Resolving deltas: 100% (87/87), done.
Checking connectivity... done.
> cd golapa
> ls
LICENSE          golapa                 static
README.md        linux_init.sh          templates
build.sh         osx_deactivate.sh
docker           osx_init.sh

With the repository cloned, let’s look at the contents:

  • osx_init.sh: Initializes build directory and Samba server for compiling project inside a docker container (only needed for OS X)
  • linux_init.sh: Initializes build directory and shared volume for compiling project inside a docker container (non OS X)
  • build.sh: Compiles Go code and creates a docker image containing static files, templates, and Golapa binaries
  • osx_deactivate.sh: Disables Samba server and deletes volume container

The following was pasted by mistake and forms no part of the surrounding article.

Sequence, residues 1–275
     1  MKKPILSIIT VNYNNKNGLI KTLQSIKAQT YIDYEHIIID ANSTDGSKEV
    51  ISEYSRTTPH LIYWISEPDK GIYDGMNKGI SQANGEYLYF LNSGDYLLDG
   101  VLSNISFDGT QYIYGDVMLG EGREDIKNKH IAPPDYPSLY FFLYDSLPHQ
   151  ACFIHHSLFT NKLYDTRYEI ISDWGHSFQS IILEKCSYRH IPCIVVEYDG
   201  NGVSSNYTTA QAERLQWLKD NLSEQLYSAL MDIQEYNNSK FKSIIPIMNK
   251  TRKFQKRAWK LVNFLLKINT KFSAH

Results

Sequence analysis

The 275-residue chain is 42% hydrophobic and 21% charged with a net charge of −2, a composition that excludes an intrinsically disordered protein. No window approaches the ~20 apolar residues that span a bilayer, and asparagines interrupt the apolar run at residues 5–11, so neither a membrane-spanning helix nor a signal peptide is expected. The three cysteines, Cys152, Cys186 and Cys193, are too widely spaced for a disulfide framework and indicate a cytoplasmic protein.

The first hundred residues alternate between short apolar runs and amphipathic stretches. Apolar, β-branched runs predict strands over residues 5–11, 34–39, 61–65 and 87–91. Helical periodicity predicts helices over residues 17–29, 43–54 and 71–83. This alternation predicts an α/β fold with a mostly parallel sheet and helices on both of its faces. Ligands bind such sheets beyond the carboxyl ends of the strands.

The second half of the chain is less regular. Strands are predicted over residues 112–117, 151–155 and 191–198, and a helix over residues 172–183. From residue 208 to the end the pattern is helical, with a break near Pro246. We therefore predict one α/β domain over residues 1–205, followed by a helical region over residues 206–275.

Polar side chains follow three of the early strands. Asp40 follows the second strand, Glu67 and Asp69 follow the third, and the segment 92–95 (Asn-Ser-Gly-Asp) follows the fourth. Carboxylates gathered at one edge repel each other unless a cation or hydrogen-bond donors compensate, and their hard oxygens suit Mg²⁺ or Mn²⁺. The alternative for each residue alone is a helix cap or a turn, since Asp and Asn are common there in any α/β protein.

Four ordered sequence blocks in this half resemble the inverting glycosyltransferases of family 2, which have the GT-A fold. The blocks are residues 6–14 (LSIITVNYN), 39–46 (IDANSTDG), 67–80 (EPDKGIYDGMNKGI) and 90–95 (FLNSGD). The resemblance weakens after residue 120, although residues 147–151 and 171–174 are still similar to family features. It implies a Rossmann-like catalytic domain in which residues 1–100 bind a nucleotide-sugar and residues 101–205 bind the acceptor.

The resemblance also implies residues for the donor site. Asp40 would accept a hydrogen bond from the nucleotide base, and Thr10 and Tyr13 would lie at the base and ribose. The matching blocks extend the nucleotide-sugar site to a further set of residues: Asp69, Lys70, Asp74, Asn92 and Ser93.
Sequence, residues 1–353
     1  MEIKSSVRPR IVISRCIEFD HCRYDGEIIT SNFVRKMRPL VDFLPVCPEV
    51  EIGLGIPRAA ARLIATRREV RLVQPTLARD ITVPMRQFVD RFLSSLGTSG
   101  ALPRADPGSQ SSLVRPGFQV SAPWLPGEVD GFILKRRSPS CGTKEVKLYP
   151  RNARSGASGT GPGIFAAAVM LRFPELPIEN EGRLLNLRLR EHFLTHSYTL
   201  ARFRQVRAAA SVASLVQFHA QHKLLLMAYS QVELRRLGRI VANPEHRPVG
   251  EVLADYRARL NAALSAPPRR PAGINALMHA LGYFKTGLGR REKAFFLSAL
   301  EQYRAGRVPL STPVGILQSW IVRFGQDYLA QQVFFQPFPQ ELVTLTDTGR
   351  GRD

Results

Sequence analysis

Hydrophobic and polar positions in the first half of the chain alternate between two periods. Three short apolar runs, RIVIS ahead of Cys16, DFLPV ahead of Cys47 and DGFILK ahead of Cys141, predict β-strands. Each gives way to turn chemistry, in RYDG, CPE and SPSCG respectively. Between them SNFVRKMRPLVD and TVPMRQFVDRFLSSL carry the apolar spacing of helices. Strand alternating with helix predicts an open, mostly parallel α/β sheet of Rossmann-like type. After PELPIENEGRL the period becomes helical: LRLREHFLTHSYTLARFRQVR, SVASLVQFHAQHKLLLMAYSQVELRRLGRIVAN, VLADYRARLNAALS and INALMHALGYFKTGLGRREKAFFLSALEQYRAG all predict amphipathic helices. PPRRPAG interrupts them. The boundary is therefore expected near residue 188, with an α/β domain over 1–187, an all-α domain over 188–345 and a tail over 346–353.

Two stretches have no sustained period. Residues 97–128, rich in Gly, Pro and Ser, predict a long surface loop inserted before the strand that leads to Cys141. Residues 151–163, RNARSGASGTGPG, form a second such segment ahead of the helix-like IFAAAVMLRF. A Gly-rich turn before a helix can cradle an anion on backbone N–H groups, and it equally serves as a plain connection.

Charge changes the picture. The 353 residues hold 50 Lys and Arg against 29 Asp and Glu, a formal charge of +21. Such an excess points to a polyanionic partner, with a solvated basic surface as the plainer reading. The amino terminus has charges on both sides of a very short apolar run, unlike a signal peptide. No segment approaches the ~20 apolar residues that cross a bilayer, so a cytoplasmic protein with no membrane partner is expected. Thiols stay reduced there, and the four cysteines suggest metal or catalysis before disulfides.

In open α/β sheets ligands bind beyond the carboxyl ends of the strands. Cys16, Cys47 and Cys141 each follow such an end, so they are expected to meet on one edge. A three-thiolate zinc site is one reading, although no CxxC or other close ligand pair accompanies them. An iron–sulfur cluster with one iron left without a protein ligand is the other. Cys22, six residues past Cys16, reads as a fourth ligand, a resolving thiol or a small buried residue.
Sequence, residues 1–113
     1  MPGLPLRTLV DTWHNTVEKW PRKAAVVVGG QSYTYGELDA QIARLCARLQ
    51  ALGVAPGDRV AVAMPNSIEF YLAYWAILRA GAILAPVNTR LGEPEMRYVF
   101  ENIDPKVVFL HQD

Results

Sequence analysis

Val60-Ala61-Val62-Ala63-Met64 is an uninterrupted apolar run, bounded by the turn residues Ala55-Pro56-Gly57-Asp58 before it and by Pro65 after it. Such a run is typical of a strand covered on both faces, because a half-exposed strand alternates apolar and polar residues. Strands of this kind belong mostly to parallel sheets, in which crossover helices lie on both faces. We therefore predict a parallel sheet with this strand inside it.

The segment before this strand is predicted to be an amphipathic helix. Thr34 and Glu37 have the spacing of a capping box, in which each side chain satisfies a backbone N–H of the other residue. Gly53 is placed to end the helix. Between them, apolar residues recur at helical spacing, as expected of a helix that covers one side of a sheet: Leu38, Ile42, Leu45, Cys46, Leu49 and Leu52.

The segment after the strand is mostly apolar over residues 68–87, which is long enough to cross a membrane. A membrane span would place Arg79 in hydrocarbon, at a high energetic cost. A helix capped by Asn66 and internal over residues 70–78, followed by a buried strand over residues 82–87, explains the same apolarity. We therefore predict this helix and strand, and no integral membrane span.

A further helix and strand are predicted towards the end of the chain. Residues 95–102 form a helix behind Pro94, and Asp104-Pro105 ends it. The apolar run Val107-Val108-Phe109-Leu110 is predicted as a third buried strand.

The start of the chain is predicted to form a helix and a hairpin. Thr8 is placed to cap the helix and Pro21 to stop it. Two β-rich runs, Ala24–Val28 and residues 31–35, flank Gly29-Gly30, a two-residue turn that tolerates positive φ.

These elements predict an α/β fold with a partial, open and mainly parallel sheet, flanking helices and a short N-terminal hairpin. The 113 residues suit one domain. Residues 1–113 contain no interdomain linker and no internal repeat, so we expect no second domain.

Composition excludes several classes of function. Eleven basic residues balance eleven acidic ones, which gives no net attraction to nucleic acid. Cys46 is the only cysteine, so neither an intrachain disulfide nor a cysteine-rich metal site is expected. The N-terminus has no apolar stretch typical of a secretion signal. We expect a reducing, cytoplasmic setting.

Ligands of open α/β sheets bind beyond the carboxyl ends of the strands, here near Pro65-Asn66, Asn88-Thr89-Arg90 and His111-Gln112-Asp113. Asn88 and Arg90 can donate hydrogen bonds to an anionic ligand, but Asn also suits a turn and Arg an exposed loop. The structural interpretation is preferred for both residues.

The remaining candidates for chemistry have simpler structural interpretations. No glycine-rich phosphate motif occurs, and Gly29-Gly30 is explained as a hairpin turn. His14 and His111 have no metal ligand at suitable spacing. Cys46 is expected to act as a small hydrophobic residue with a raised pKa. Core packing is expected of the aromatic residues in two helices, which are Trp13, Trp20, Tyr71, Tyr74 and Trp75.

• docker: Contains docker files and supporting files for building containers
  • golapa: Go source files
  • static: Static CSS, Javascript, fonts, and sass files
  • templates: HTML template files and email template

– Initialize the project

> ./osx_init.sh

– Build the project, providing a name for the target image to be created

> ./build.sh my-golapa-image

– Run the container with environment variables set to send an email each time a visitor submits the email form

> docker run -p 8080:80 \
-e EMAIL_HOST="[SMTP HOSTNAME:PORT]" \ 
-e EMAIL_PASSWORD="[SMTP PASSWORD]" \
-e EMAIL_FROM="[FROM EMAIL ADDRESS]" \
-e EMAIL_SSL=[FORCE SSL TRUE|FALSE] \
-e EMAIL_SENDER="[EMAIL SENDER ADDRESS]" \
-e EMAIL_SUBJECT="[EMAIL SUBJECT]" \
-e EMAIL_TO="[EMAIL TO]" \
-e SEND_VIA="email" \
my-golapa-image

What’s running? An NGiNX-powered front-end web server serves static files while passing other requests to the Golapa web server. Redis provides a queue to process successful form submissions (sending email or adding contacts to Turret.IO) and supervisord keeps everything up.

– Find the Boot2Docker IP address

> boot2docker ip

The VM's Host only interface IP address is: 192.168.59.103